[via Apres Garde]
SF Gate reports:
For Brandon Barlow, life as a Google bus driver was one endless cycle of traffic and exhaust.
He left home before dawn and arrived home late, after long hours spent shuttling Google employees back and forth on Highway 101. And Barlow wasn’t paid for the hours he had to wait around near Google headquarters in Mountain View before making the return run to San Francisco. That was the worst part of the job.
“They make everything convenient for Googlers, but they don’t make anything convenient for drivers,” Barlow said recently, exasperated. “There are so many fatigued tech shuttle drivers out there.”
If Silicon Valley shuttle buses are the physical symbols of San Francisco’s tech boom-fueled friction, then drivers like Barlow find themselves in an odd place: Bus drivers have benefited from the boom, but many feel exploited by those who have profited the most from it.
Such workers are tenuously employed with few job protections. Drivers like Barlow don’t even work for Google — they are employees of third-party contractors who typically receive low wages and often paltry benefits. Some drivers have also questioned the legality of practices employed by those contractors, such as requiring drivers to work split shifts in which they spend unpaid hours waiting for the afternoon leg of the commute.
Read on for lots more.
I mean, this is in Berkeley, so…
SFist tells us about the startup that’s making it happen:
QuiQui (as in “quickie,” not “let’s have a Kiki”) is apparently a real thing and not a clever parody of the Internet like the mythological tacocopter. QuiQui promises to deliver small drugstore items to the door of your Mission District (of course) apartment in 15 minutes or less for a mere $1 per delivery fee. Tellingly, the company’s FAQ section lists their closest competitors as Uber and Postmates, which are not exactly direct competition but they all fit the category of “on-demand luxuries.”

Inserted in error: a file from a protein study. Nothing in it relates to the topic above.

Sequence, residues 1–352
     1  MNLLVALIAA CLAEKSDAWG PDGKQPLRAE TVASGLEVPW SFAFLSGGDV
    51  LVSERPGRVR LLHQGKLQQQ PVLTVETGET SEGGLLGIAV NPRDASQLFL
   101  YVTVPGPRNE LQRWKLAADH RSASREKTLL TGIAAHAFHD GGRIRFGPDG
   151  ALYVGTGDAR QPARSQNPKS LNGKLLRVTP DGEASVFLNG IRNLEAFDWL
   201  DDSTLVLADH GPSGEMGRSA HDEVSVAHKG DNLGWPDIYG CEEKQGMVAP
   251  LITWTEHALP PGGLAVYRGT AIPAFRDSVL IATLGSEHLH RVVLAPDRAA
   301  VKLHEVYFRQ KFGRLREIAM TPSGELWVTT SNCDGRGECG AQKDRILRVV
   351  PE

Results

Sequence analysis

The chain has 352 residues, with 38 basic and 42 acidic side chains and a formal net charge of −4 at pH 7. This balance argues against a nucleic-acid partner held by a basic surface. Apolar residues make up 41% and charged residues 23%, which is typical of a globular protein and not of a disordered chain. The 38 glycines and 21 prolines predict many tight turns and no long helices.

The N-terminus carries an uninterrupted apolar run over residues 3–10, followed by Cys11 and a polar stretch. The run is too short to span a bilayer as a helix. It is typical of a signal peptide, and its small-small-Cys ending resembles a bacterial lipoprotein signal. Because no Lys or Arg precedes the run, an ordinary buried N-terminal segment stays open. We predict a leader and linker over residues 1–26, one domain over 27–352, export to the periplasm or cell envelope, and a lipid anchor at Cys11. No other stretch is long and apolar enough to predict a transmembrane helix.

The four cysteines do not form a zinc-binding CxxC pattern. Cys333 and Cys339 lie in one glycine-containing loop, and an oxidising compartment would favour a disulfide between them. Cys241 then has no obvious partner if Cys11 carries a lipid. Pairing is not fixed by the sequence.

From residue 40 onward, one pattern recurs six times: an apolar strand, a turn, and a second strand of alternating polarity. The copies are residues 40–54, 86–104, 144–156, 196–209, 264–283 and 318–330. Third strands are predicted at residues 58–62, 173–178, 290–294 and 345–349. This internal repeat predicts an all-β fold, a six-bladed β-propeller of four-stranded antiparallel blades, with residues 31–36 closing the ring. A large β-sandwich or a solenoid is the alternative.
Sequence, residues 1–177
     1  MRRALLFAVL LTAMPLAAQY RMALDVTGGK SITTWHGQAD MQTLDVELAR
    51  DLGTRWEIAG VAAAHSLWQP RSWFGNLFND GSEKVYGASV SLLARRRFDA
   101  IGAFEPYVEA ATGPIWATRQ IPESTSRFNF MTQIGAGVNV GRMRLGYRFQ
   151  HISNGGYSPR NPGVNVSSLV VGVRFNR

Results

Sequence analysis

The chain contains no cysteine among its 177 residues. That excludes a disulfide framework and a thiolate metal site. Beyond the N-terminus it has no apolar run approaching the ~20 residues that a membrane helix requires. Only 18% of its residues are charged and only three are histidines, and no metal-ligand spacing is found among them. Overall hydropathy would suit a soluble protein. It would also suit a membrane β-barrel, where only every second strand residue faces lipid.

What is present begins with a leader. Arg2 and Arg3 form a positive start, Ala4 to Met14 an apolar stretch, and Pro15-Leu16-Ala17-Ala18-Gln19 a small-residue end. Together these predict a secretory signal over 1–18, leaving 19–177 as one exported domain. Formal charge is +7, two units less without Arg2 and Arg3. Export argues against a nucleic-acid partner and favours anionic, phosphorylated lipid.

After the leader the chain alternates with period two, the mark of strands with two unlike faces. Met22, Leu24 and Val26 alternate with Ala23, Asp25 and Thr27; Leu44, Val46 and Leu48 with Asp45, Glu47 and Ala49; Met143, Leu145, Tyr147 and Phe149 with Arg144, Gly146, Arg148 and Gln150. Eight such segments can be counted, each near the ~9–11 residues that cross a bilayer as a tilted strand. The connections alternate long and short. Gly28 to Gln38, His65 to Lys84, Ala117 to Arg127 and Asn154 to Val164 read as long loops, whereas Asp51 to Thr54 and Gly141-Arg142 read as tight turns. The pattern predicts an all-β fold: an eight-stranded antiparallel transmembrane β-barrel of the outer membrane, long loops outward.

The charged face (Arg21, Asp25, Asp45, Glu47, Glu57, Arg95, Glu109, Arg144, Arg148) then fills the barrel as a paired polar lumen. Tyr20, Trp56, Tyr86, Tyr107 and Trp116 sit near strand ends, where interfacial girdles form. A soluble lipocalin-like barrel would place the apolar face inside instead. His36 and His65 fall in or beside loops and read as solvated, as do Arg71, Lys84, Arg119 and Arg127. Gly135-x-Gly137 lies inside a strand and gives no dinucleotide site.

The system works like every other smartphone-summoned, on-demand service, but with an airdropped spin: You pull up the app, drop a pin and the order heads your way. To avoid rotor wash and terrorizing small dogs, the drones maintain a minimum altitude of 20 feet, and you’ll actually have to catch your new toothbrush as it falls from the sky.
Coming this July. Read on.
Guys. I was reading the excerpt from Nick Bilton’s forthcoming book about how Twitter was started in The New York Times and I realized something. I might have invented Twitter. I mean, I know I didn’t, but look at these pages that I blogged about a few years ago, it’s almost eerie. I explained my process in my previous post:
A long time ago in this very land (sometime in 2003) I sat alone in my living room, looking out the window onto Guerrero Street and wondered how I could connect with the people of the neighborhood, hear their thoughts, start a dialogue, without having to actually leave my house and face people in real life. Yes, it sounds sad and lonely. Whatever. The point is, I didn’t know about hyperlocal blogs or anything, so I made do with what I had. Which, apparently, wasn’t much. I figured I’d have to do some fishing.
One morning I tied a piece of paper onto a length of fishing line, attached a pen at the end and lowered them both out the window. I left my house for the day and when I came home that night I reeled the paper in (pen gone).
GOOD MORNING. (if evening, please reverse)
GOOD EVENING (if morning please reverse)
I mean, the bland prompt, time stamp, emoticons, timeline, it’s kinda weird. Before you jump all over me and explain why I didn’t invent Twitter or even Facebook, I know. But, maybe it demonstrates why something like that was ready to take off, that we were all ready to begin communicating in this specific manner. I guess I won’t sue. It’s not my style. And all I did was hang a piece of paper out the window. I guess I could have tried a little harder.
Or is he . . . ? He deleted this tweet shortly after he tweeted it. Maybe because it could be seen as criticizing Twitter on Twitter? Maybe because he would seem hypocritical to be concerned about San Francisco’s shifting demographics? Who knows, maybe he was hacked. Maybe he meant it in a positive way, that the Twitter IPO could finally clear out any remaining undesirables. Wait, wait, maybe I’m being too harsh on ol’ Newsom. It was just an ellipsis with an extra dot. Who can know what meaning lay beneath that fourth little dot . . . . ?